Can you burn ice? In this burning ice experiment, teachers can demonstrate for middle schoolers, that in some cases, you can set ice on fire. This is a favorite of the middle school STEM activities that my middle school students have loved to repeat. The inspiration behind this project was a question my middle school-aged daughter asked. She wanted to know if ice could ever burn. That’s how this ice on fire experiment was born! It’s one of the most creative STEM activities for kids that we’ve tried to date.
Find out how you can impress kids using our tutorial for a burning ice cube below!
Make sure your kids won’t try this experiment alone before showing it to them. If you think there is a chance they will try it alone, it’s better to not do it.
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Can You Burn Ice? The Science Behind the Cool Science Demo!
In this burning ice experiment, the ice appears to burn because a solution of alcohol is poured over the ice before it is set on fire. It is the alcohol that is burning, not the water itself.
However, the heat of the flame evaporates the water, keeping the flame going even as the ice block melts.
Eventually, the water will melt faster than the alcohol burns, but as long as the alcohol is present, the fire will keep going.
This is a good time to discuss why kids shouldn’t play with fire, as alcohol will continue to burn even if water is added to it.
You must add a significant amount of water to the alcohol before it dilutes enough to put out the fire.
STEM Teaching Resources
These teaching resources will make your STEM classroom more fun and rewarding for your students!
Can You Light Ice on Fire?
Follow along with these directions to make your own burning ice science experiment. Always make sure an adult is around to supervise this activity!
In this burning ice experiment, you’re not actually burning ice, but rather, you’re burning the alcohol surrounding the fire.
What’s actually happening is that the heat from the burning alcohol melts the ice and accellerates the evaporation of the water. But the ice itself isn’t burning.
Another way to “burn” ice is by adding calcium carbide to ice. This causes the calcium carbine to use the ice as fuel to burn the carbide. But that’s not really burning ice either- Geekologie says:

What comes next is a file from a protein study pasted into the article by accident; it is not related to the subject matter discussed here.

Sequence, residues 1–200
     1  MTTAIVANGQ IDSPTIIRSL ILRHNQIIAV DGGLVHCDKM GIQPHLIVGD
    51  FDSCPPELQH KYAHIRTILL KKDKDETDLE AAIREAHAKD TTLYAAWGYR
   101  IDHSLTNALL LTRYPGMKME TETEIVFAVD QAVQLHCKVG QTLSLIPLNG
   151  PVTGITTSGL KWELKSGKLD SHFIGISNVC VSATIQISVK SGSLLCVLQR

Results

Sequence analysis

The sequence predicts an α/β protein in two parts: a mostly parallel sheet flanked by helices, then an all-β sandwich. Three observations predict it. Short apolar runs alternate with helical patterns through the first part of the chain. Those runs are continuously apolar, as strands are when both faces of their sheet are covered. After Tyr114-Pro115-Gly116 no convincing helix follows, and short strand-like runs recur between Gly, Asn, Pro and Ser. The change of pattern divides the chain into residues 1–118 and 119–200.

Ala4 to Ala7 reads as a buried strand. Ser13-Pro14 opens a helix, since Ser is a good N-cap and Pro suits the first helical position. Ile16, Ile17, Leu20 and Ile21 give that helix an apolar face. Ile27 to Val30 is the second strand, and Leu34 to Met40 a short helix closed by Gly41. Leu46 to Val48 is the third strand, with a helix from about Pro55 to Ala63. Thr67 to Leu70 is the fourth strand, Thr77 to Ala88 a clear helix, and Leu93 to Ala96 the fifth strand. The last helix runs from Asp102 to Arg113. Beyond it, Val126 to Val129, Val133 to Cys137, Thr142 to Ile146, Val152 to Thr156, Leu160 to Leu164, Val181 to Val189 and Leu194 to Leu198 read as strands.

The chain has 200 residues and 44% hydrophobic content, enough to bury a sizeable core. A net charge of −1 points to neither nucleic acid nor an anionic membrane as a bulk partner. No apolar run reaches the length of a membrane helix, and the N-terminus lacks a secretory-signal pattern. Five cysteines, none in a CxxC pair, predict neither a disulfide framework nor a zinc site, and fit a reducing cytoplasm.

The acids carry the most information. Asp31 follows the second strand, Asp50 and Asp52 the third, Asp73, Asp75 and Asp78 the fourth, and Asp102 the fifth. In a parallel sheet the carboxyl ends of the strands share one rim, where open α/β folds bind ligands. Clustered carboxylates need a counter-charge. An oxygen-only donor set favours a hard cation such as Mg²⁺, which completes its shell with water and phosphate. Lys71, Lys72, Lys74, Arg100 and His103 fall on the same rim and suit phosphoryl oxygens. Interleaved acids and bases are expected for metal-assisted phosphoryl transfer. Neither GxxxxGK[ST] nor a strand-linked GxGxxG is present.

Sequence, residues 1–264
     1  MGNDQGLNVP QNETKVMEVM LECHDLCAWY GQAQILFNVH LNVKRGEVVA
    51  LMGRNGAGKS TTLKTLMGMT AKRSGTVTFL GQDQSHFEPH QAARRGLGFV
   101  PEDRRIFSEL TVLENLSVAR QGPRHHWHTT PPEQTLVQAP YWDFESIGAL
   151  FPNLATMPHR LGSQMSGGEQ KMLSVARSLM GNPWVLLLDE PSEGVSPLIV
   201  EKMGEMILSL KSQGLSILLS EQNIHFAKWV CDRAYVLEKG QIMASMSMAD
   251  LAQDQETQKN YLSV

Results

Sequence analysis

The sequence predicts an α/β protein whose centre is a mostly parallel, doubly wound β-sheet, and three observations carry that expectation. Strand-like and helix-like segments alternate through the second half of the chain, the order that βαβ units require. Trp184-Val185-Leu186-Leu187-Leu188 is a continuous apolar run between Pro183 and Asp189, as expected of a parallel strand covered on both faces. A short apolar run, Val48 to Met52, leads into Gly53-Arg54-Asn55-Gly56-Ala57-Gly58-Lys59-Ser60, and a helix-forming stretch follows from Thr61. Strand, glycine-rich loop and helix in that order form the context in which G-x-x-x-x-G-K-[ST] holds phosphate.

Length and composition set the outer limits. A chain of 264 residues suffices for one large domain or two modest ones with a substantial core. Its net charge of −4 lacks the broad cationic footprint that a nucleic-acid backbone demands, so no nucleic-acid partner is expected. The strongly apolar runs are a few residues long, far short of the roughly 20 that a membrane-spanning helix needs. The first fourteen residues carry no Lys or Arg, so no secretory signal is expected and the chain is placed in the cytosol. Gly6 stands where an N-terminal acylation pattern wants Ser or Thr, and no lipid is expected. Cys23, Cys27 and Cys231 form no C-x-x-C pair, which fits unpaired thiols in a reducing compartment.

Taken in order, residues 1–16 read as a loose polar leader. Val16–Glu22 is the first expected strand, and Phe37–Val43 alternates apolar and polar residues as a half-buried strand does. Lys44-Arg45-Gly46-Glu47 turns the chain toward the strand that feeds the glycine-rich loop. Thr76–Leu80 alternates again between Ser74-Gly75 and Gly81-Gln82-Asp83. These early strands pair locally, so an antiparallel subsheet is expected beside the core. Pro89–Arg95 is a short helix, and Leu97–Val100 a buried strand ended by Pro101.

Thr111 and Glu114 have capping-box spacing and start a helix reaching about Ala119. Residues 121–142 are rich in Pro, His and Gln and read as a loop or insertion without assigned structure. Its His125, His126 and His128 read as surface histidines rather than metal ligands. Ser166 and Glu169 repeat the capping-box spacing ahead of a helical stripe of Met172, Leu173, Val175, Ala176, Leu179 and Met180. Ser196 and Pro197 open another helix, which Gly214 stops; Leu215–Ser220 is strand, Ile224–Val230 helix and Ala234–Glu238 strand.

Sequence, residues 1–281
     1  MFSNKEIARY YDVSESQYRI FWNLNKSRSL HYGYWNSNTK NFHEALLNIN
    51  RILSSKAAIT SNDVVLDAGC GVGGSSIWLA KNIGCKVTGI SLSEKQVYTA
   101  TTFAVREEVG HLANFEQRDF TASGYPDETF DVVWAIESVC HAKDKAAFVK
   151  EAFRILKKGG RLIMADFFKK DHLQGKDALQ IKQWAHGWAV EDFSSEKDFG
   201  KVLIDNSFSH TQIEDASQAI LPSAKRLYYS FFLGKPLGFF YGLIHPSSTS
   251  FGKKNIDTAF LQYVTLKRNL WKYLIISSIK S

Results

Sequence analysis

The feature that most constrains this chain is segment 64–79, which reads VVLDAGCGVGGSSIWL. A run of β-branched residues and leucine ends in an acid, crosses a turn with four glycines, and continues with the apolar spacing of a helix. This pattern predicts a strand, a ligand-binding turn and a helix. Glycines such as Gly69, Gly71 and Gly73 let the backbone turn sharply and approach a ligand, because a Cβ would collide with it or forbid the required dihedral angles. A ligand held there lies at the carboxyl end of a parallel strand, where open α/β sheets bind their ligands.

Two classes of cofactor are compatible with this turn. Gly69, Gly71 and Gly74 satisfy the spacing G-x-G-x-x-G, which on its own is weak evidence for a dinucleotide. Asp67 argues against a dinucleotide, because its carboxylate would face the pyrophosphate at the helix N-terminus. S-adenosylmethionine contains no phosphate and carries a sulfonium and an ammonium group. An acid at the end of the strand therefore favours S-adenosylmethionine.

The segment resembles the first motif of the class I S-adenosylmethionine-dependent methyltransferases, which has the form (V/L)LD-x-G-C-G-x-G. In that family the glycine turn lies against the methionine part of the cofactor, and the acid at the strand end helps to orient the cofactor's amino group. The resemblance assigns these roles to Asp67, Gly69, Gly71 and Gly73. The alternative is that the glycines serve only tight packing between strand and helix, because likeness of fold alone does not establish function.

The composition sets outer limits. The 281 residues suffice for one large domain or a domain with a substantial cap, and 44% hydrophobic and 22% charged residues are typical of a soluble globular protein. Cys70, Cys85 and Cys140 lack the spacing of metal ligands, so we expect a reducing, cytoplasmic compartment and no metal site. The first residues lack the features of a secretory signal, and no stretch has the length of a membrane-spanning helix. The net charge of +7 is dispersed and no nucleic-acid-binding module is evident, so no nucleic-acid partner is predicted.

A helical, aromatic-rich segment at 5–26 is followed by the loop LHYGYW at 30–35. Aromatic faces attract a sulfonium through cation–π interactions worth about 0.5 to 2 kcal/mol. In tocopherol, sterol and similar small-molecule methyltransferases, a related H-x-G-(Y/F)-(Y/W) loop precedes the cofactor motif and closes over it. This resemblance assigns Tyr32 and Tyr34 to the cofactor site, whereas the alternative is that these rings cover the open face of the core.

Calcium carbide consists of two carbon atoms stuck onto a calcium atom. Add that to liquid water (H2O) and the carbon atoms will grab hold of the two hydrogen atoms and produce C2H2, or acetylene gas.Geekologie
In this case, it’s just another form of alcohol that the fire is burning.
STEM Shirts for Teachers
These STEM shirts are adorable and super fun to wear while teaching STEM or science.
What you’ll need for the burning ice experiment:
- An ice ball (we used this ice ball mold)
- Oven-safe glass bowl or dish
- Fire extinguisher
- Safety goggles
- Kitchen lighters
- Rubbing alcohol
Swan 99 Percent Isopropyl Alcohol Antiseptic Solution, 16 Ounce (Pack of 2)Bic Multipurpose Lighters, 4 PackToplus Ice Cube Trays Silicone Set of 2 – Sphere Round Ice Ball Maker & Large Square Ice Cube Mold for Chilling Bourbon Whiskey, Cocktail, Beverages and More (Black)Learning Resources Colored Safety GogglesPyrex Prepware 3-Piece Glass Mixing Bowl Set
Winter STEM Classroom Sets
If you don’t have time to gather the supplies yourself, you’ll love these winter science experiment kits for the classroom!
Most of these fun experiment boxes are designed for elementary school, but many of them touch on middle school science topics as well.
Doing the Fire and Ice Experiment
**Warning: This project is NOT safe for kids to do alone. Only a parent/adult should conduct the experiment with proper safety gear (goggles, a fire extinguisher) on hand just in case.
The fire can spread and catch unexpectedly. This is a science demonstration only, not something kids should touch.**
Wear safety goggles while doing this and make sure the kids stand well away from the area. Have your fire extinguisher ready.
Place your ice ball inside a fire-proof bowl.
Pour a TINY amount of alcohol onto the ice cube (less than 1/2 a teaspoon). The alcohol will automatically start to melt the ice cube.
Light the alcohol with the kitchen lighter.
You have to work quickly or the alcohol will get too watered down before the flame is lit and you’ll have to start over.
The ice will look like it is burning, even though it is just the alcohol on the top burning.
STEM by DesignSTEM Education Teacher Lesson Plans, Strategies and Activities Guide – for Grades 5 Though 9 – by School DatebooksSTEM to Story: Enthralling and Effective Lesson Plans for Grades 5-8Arguing From Evidence in Middle School Science: 24 Activities for Productive Talk and Deeper LearningMark Twain – STEM Labs for Middle Grades, Grades 5 – 8An Educator’s Guide to STEAM: Engaging Students Using Real-World Problems